- Pour the batter into the loaf pan. At this point, if you’re just going for the bread, you can add some nuts on top but for flying saucer sandwich making, it’s better to leave the nuts for later.
- Bake the loaf until the top is golden brown and a toothpick (or cake tester) poked in the middle comes out clean with a few crumbs but no batter. That should be about 50-55 minutes. If your oven is sensitive, make sure to rotate your loaf at the 25 minute mark.
- When it’s all baked up, pull the loaf out of the oven and let it cool in the pan for 10-15 minutes. Then pull it on out and let it cool on a wire rack and drink in all the glorious smells of your work.
OR…for another banana bread recipe near and dear to my heart, here is my wonderful mom’s.
Whole Wheat Banana Bread
- 1/2 cup butter
- 1/2 to 3/4 cup sugar (depending on how sweet you like it)
- 2 eggs, slightly beaten
- 3 bananas, (1 cup) mashed
- 1 cup unbleached all-purpose flour
- 1 cup whole wheat flour
- 1/2 tsp salt
- 1 tsp soda (sometimes I think 1/2 or 3/4 tsp would be better)
- 1 tsp vanilla
- 1/2 tsp cinnamon
- 1/8 tsp each of nutmeg and cloves
- 1/3 cup hot water or hot soy milk
- 1/2 cup chopped nuts (optional)
Directions from Girl’s Mom:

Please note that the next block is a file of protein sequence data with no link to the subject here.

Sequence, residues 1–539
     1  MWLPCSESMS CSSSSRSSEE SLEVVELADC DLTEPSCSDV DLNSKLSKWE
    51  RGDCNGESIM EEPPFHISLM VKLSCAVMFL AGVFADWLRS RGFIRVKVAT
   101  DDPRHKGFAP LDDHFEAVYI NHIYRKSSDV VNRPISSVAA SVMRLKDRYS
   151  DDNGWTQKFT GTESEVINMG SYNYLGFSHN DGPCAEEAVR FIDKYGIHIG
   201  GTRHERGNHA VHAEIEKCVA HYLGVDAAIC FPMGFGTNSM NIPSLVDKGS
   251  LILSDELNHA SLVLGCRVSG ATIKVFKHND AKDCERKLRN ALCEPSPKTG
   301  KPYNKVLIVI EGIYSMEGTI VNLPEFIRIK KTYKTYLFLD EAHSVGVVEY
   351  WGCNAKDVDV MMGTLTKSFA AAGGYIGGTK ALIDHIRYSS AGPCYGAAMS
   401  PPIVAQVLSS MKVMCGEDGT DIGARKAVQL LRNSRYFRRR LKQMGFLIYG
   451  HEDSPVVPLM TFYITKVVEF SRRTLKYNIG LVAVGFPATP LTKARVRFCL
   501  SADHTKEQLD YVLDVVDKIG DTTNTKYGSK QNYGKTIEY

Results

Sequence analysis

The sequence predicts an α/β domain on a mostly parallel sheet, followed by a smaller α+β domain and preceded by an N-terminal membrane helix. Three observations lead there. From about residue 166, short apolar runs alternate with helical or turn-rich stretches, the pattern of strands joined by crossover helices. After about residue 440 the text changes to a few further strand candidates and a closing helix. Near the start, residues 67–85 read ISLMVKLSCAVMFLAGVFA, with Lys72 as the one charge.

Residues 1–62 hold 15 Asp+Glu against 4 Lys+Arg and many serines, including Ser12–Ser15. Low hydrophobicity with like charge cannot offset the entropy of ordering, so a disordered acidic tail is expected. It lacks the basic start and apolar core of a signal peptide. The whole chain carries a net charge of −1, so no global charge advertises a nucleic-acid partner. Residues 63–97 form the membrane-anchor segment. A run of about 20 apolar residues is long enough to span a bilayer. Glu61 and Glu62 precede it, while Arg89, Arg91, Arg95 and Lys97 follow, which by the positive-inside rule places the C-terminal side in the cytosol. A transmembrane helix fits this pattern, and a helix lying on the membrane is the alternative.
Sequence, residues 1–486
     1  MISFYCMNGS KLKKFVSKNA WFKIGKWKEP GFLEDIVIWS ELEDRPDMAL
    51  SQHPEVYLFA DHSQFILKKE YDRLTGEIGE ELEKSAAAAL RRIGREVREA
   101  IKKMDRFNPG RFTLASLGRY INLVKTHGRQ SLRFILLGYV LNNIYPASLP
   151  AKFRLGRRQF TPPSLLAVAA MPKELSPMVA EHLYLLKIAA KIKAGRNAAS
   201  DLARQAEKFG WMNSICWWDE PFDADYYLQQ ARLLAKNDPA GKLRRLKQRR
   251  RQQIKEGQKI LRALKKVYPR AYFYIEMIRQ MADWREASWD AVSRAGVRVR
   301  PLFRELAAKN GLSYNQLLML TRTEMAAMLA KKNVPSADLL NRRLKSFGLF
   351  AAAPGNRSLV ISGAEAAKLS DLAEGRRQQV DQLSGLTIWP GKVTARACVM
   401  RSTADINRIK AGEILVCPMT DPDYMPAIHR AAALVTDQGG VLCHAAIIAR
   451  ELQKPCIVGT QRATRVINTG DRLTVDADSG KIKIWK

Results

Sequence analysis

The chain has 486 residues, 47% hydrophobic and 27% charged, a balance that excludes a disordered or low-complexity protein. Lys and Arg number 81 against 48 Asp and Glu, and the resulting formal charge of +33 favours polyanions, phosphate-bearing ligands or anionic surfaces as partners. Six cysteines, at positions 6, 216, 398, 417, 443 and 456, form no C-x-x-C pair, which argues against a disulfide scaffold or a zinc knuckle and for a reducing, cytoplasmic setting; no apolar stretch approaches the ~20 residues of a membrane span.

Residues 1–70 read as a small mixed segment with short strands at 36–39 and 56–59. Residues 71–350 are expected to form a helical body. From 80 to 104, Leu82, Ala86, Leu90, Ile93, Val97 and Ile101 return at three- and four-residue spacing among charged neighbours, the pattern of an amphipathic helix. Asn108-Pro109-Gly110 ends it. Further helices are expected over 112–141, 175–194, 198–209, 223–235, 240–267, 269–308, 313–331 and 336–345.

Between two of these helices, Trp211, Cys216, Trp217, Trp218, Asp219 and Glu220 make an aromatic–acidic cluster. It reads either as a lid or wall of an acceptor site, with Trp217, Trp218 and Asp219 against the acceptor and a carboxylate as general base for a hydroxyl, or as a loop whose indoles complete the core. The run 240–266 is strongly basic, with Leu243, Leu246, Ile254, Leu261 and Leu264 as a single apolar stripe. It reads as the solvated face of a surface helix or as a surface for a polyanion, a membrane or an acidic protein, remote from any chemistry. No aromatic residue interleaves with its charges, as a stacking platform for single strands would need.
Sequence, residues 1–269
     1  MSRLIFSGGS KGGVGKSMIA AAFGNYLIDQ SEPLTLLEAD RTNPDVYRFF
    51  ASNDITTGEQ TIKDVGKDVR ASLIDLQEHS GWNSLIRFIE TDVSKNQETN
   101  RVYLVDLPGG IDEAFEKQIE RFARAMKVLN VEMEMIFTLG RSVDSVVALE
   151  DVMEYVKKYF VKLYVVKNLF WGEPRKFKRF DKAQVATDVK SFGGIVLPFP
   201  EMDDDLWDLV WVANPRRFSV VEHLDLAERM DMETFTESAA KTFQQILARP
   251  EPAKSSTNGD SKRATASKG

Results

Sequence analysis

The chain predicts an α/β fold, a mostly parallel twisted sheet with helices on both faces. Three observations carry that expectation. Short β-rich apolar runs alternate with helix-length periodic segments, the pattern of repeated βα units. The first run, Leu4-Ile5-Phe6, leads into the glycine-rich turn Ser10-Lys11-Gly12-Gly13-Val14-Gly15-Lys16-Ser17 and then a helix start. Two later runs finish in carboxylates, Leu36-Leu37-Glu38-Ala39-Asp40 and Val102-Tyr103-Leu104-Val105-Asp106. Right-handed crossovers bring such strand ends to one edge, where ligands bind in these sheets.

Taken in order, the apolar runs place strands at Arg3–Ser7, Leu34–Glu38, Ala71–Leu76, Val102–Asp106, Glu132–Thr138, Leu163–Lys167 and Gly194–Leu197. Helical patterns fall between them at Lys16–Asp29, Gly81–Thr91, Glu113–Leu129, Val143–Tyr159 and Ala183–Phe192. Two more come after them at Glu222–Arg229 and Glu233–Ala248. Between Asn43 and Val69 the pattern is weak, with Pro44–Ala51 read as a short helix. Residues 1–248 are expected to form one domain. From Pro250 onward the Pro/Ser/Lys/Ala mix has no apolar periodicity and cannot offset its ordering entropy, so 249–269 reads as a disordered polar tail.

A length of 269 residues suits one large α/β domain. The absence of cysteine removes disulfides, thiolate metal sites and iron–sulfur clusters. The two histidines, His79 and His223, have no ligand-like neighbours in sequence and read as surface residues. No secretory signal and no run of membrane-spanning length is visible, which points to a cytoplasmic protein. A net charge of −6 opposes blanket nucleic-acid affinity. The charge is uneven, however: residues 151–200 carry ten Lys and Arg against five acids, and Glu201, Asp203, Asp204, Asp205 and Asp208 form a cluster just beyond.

Melt butter and blend in sugar. Mix in beaten eggs and mashed bananas, blending until smooth. (I also add 1 tsp of vanilla when I put in the eggs and bananas but the original recipe didn’t call for it.) Sift flour with baking soda, spices and salt. Stir in whole wheat flour. Add dry ingredients alternately with hot water (or soy milk). Add nuts if you use them. Bake in a 9 x 5 pan at 325 degree for 1 hour and 10 minutes. Yield is one loaf. Can be baked in muffin tins or small loaf pans too in which case baking time is more like 30-35 min. I have lately taken to not putting the cinnamon or cloves in and just putting the nutmeg in. Do what you like. It is good any way, just with fewer spices, you get more of the banana flavor.
Now…regardless the banana bread recipe you use….let’s make us some banana flying saucers of awesome!
Banana Bread Flying Saucer Sandwich
- 2 slices of banana bread*
- 2 tsp of peanut butter
- 6-8 slices of fresh banana
- A drizzle of honey (optional)
- Nonstick spray